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Wall Street wants to get bigger in China

china_bull.gi.top.jpgThe Charging Bull statue in Shanghai was built by the same artist known for a similar statue in front of the New York Stock Exchange. By David Ellis, staff writer

NEW YORK (CNNMoney.com) -- Where are the real opportunities for growth on Wall Street? Try China.

The biggest financial firms haven't tried to hide their ongoing ambitions to grow in the world's fastest-growing economy.

Earlier this month, JPMorgan Chase (JPM, Fortune 500) struck a joint venture deal with China's First Capital Securities to underwrite stocks of domestic firms. Rivals including Citigroup (C, Fortune 500) and Bank of America (BAC, Fortune 500) are also believed to be eyeing expansion plans within China.

While investors in the U.S. and Europe continue to grapple with sovereign debt fears and lackluster demand for new stocks and corporate bonds, market activity in China has been off the charts.

So far this year, Chinese firms have issued approximately $3.6 billion in high-yield bonds, according to research firm Dealogic, more than twice what they issued in all of 2009.

China has also single handedly helped prop up the IPO market. Of the $32.2 billion in new stock issued so far this year, more than a third came from firms based in China. Experts suggest many other Chinese companies are waiting in the wings for their own debut.

"There are many up-and-coming entrepreneurial firms that will be looking for capital at some point," said Carol Wingard, a vice-president at L.E.K. Consulting, who founded the firm's China practice.

Next month will likely represent another major milestone for China as one of its largest banks - Agricultural Bank of China - goes public. Reports suggest that the lender will list on exchanges in both Shanghai and Hong Kong, and raise as much as $20 billion. That would make it one of the biggest IPOs in history.

As a hive of investment banking activity for the foreseeable future, it's no surprise that Western financial institutions have been anxious to horn in on the action.

The relationship between China and foreign banks, particularly U.S. firms, has been a complicated one however.

Wall Street firms had to fight vigorously to establish their presence in China last decade, only to subsequently learn just how political it is to do business is in the world's fastest growing economy.

One of the biggest shocks came in 2006, when Goldman Sachs (GS, Fortune 500) was not chosen to be an underwriter for the public offering of Industrial & Commercial Bank of China.

Four years later though, there are still indications that China isn't completely opening itself up to foreign investment banks.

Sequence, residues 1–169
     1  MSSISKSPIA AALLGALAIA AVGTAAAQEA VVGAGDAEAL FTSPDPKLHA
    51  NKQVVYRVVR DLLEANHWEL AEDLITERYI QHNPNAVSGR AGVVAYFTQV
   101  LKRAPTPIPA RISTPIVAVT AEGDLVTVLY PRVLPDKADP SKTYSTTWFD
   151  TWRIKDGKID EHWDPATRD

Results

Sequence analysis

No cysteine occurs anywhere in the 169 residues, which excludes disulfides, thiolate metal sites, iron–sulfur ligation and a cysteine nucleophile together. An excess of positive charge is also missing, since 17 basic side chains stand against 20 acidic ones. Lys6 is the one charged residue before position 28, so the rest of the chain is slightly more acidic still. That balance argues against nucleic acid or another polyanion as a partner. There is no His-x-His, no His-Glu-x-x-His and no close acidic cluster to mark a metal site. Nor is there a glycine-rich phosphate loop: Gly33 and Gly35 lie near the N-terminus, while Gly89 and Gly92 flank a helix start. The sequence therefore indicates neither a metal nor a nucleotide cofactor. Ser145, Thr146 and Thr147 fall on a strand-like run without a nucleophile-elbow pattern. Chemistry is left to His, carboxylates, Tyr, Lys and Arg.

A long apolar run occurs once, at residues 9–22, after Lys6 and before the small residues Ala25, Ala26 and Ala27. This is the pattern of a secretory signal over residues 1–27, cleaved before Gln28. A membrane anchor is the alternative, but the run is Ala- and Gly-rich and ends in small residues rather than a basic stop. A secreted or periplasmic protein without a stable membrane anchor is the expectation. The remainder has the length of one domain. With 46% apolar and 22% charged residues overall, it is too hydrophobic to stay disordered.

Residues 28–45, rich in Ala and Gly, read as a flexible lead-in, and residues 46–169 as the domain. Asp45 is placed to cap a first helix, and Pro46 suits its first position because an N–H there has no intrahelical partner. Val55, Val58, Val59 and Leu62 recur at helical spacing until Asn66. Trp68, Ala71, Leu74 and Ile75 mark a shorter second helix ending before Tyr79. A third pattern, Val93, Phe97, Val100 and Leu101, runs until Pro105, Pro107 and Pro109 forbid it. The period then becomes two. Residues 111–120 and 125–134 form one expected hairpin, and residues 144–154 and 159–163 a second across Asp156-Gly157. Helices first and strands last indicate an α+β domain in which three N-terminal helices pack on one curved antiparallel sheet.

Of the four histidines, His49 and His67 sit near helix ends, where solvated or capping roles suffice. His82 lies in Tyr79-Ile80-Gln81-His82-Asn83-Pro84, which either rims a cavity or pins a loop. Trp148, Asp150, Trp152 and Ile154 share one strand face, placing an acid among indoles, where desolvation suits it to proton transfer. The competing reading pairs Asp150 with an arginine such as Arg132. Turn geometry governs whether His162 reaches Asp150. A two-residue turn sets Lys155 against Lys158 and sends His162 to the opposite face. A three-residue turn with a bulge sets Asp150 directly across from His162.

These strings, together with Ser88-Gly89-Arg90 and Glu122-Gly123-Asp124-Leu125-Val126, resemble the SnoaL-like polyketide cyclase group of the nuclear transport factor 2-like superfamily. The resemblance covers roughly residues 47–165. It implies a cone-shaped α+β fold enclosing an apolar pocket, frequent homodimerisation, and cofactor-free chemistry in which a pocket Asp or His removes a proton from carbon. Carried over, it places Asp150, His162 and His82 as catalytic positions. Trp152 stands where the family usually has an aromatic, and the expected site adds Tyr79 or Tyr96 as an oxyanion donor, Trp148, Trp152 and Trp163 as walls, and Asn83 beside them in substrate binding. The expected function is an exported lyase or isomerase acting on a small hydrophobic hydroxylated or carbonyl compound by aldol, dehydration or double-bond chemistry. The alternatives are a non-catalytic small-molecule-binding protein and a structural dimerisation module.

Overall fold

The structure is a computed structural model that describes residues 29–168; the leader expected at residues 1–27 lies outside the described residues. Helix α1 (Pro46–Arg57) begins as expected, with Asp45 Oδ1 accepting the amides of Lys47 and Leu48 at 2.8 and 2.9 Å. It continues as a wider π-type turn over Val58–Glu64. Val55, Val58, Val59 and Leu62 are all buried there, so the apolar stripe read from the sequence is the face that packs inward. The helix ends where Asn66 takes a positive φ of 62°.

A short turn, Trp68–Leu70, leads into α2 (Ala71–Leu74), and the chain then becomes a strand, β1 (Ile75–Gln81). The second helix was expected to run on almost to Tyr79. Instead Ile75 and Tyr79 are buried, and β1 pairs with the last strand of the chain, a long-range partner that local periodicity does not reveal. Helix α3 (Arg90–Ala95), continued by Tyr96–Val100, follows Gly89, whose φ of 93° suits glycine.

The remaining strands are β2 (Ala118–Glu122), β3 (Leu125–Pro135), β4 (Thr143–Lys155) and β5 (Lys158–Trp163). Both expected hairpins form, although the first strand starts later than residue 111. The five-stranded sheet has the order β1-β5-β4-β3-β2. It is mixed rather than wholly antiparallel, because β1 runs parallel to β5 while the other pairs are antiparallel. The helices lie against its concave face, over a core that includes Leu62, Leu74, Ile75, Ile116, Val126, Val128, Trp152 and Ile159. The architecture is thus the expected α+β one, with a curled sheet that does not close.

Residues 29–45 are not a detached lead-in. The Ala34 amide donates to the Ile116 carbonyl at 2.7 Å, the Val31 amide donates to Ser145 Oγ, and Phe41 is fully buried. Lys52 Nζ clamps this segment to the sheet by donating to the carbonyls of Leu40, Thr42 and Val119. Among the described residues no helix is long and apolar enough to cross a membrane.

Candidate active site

No foreign institution is involved with the public offering of Agricultural Bank of China. Goldman, Morgan Stanley (MS, Fortune 500) and Swiss banking giant UBS (UBS) are the only three non-Chinese banks ranked among the top 10 underwriters of stock and debt this year.

Daniel Rosen, the China practice leader for the advisory firm Rhodium Group, suggests that business and government leaders in China may have some doubts about the wisdom of U.S. and other foreign investment banks given the severity of the financial crisis and their involvement in it.

"I think the burden is now on major foreign players to answer the question: 'What are you bringing to China that we don't already have?'" said Rose, who also teaches at Columbia University's School of International and Public Affairs.

Several Wall Street firms contacted for this story did not return requests for comment. Those that did provided no details about their strategic growth plans in China.

Foreign banks haven't entirely lost their allure in China however. One thing they can still offer is access to foreign capital. Domestic players like Citic Securities, which has fashioned itself to be the Goldman Sachs of China, aren't quite there yet, experts said.

But Wall Street's interest in China doesn't start and end with bread-and-butter investment banking.

Morgan Stanley is also reportedly looking to grow its ranks of private bankers in the region over the next several years.

Citigroup also continues to expand its consumer banking business in China. In February, the New York City-based bank declared plans to open a branch in the city of Guiyang, its 10th in the country.

"China is critically important to Citi and our long-term growth ambitions, and remains one of Citi's priority markets around the world," said Citigroup CEO Vikram Pandit when announcing the Guiyang branch opening. To top of page

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